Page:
## 3.1 Vegetation NDVI classification

According to the equidistant method, the annual NDVI data were divided into five vegetation coverage grades: low vegetation cover (L-NDVI) (NDVI ≤ 0.2), medium-low vegetation cover (ML-NDVI) (0.2 < NDVI ≤ 0.4), medium vegetation cover (M-NDVI) (0.4 < NDVI < 0.6), medium-high vegetation cover (MH-NDVI) (0.6 < NDVI ≤ 0.8) and high vegetation cover (H-NDVI) (NDVI > 0.8) according to the value of NDVI, so as to better analyze the dynamic changes of NDVI (Shi et al. 2023).

## 3.2 Coefficient of variation

The coefficient of variation (CV) is often used to indicate the degree of fluctuation of time series data, which can indicate the vulnerability of regional ecosystem. The formula as follows:

$$\text{C}\text{V}=\frac{1}{\stackrel{-}{x}}\sqrt{\frac{1}{n-1}\sum _{i=1}^{n}{({x}_{i}-\stackrel{-}{x})}^{2}}$$

1

Where, CV is the coefficient of variation, *i* is time series, *x**i* is the pixel value of the *i*th year, and \(\stackrel{-}{x}\) is the mean value of the pixel values of all years in the study period.

Taking the interannual NDVI as the input value, the larger CV values indicates that the vegetation coverage changes drastically and the ecological environment is fragile. The smaller CV values indicates that the fluctuation of vegetation coverage is small and the anti-interference ability of ecological environment is strong (Han et al.2022). The coefficient of variation is classified, as shown in Table 1.

Table 1

Classification of CV | Value of CV |

High fluctuation change | CV > 0.3 |

Relatively high fluctuation change | 0.2<CV ≤ 0.3 |

Moderate fluctuation change | 0.15<CV ≤ 0.2 |

Relatively low fluctuation change | 0.10<CV ≤ 0.15 |

Low fluctuation change | CV ≤ 0.1 |

## 3.3 Theil-Sen Median and Mann-Kendall test

Theil-Sen Median (Sen) and Mann-Kendall test (MK) are widely used in meteorological and hydrological research (Dagnachew et al. 2020; Li et al. 2021). The Sen analysis can effectively avoid outliers or measurement errors, and is not interfered by outliers. At the same time, it is more suitable than the linear regression method to study the trend of vegetation change. The calculation formula is as following:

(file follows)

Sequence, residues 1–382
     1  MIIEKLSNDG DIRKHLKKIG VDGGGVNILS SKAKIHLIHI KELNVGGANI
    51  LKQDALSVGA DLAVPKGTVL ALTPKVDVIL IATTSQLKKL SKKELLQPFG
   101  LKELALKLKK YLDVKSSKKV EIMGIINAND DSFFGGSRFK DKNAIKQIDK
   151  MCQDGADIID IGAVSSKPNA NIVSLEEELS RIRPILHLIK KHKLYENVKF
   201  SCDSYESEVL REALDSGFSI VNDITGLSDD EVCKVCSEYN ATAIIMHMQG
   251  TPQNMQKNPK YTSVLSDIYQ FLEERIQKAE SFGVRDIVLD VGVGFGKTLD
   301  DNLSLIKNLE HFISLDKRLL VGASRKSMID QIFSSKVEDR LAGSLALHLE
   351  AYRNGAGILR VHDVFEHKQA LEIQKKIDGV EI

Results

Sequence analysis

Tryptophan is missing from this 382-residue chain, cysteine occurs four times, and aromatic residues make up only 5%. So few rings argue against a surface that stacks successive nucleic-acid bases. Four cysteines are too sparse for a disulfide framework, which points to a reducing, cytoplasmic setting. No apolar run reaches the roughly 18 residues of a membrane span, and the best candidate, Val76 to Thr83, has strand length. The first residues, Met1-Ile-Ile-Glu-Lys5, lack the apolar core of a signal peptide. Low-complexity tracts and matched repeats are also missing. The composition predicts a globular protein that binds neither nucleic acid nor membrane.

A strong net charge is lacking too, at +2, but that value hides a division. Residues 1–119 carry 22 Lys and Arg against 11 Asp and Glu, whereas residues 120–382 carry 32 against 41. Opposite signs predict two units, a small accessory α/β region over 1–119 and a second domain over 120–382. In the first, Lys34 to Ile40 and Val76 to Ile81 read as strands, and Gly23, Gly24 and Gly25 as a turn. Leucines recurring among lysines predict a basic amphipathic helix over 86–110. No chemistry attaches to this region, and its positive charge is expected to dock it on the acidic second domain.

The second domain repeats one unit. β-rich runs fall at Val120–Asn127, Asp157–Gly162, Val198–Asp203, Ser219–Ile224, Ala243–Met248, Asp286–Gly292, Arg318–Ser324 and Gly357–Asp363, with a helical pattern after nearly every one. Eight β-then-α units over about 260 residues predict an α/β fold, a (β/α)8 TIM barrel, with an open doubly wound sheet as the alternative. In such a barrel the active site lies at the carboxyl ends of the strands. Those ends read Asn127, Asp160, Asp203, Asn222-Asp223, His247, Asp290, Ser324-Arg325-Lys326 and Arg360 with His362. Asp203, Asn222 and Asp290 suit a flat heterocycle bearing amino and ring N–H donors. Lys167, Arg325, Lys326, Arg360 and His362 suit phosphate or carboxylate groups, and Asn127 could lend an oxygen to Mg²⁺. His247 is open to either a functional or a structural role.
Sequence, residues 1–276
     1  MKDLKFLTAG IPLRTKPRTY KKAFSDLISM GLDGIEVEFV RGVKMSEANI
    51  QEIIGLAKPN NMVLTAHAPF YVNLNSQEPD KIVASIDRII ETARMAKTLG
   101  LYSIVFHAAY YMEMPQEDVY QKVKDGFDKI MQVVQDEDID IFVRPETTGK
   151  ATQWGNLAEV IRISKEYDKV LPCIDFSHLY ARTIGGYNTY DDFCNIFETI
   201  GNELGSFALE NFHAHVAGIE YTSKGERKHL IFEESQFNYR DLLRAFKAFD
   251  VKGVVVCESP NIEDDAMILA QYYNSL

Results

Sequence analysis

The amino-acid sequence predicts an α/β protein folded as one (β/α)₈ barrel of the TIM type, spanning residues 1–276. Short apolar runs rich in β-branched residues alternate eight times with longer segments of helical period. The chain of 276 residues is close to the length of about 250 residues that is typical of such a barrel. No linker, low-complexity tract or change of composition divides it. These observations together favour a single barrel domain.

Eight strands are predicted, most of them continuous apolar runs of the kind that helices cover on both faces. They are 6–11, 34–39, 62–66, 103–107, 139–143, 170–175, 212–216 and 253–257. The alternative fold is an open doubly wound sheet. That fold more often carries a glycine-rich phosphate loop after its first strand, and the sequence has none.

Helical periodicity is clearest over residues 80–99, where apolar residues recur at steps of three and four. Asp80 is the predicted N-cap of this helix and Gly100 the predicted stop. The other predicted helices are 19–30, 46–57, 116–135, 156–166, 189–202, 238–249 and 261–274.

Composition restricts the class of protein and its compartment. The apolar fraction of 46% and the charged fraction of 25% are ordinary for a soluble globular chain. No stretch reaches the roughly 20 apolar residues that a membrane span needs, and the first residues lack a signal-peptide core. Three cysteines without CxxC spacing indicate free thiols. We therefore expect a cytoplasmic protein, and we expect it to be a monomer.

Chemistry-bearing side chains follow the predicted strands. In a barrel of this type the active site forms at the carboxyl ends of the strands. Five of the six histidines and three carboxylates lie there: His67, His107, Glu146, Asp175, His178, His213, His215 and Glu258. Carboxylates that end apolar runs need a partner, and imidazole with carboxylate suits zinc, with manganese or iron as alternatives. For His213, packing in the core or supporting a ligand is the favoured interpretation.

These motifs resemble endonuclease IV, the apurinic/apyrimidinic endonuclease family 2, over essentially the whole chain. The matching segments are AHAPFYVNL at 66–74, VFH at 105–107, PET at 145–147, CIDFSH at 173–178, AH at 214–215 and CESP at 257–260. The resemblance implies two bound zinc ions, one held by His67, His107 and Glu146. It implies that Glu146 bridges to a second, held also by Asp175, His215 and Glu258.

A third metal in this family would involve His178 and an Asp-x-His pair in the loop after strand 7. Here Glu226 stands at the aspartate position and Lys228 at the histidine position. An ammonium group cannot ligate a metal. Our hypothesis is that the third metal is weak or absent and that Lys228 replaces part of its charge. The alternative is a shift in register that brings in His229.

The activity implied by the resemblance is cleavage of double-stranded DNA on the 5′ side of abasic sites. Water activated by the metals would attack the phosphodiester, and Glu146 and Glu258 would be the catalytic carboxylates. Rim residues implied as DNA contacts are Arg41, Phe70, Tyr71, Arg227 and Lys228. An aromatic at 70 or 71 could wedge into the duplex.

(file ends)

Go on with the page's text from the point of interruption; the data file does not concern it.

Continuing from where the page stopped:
$$\rho =median\left\{\frac{{x}_{j}-{x}_{i}}{j-i}\right\},1<i<j<n$$

2

Where, *ρ* is the slope of time series data, when *ρ* > 0, NDVI showed an increasing trend, otherwise, it shows a downward trend. Mann-Kendall test was used to determine the significance of NDVI trend.

Mann-Kendall test is a non-parametric test method. It does not require the sample to follow a specific distribution. It is less disturbed by outliers and is more suitable for sequential variables (Fan et al. 2020). The Mann-Kendall test was used primarily to test the significance through the Z value. In this study, the significance of NDVI change trend at 0.05 confidence level was selected.

When |Z| > Z1−α/2, NDVI shows a significant change trend. Z1−α/2 is the corresponding value of the standard normal distribution function at the α level. The trend of NDVI is categorized into six levels based on *ρ* and |Z|, namely very significantly elevated(*ρ* ≥ 0, |Z| > 2.58, P < 0.05), Very significant reduction(*ρ* < 0, |Z| > 2.58, P < 0.05), Significantly higher(*ρ* ≥ 0, |Z| > 1.96, P < 0.05), Significantly lower(*ρ* < 0, |Z| > 1.96, P < 0.05), No significant elevation(*ρ* ≥ 0, |Z| > 1.96, P > 0.05), No significant reduction(*ρ* < 0, |Z| ≤ 1.96, P > 0.05).

## 3.4 Hurst Index

The Hurst index is able to quantitatively characterize the long-term dependence of time-series information and forecast its future evolution (Zhong et al. 2022). The principle is as follows:

$${\stackrel{-}{NDVI}}_{\left(\tau \right)}=\frac{1}{\tau }{\sum }_{t=1}^{\tau }{NDVI}_{\left(t\right)}，{\tau }=\text{1,2},\dots ,\text{n}$$

3

\({X}_{\left(t,\tau \right)}={\sum }_{t=1}^{t}\left({NDVI}_{\left(t\right)}-{\stackrel{-}{NDVI}}_{\left(\tau \right)}\right)\) , 1\(\le t\le \tau\) (4)

$${R}_{\left(\tau \right)}=\begin{array}{c}max\\ 1\le t\le \tau \end{array}{X}_{\left(t,\tau \right)}-\begin{array}{c}min\\ 1\le t\le \tau \end{array}{X}_{\left(t,\tau \right)}，{\tau }=\text{1,2},\dots ,\text{n}$$

5

$${S}_{\left(\tau \right)}={\left[\frac{1}{\tau }{\sum }_{t=1}^{\tau }{\left({NDVI}_{\left(t\right)}-{\stackrel{-}{NDVI}}_{\left(t\right)}\right)}^{2}\right]}^{\frac{1}{2}},{\tau }=\text{1,2},\dots ,\text{n}$$

6

$$\frac{{R}_{\left(\tau \right)}}{{S}_{\left(\tau \right)}}={\left(c\tau \right)}^{H}$$

7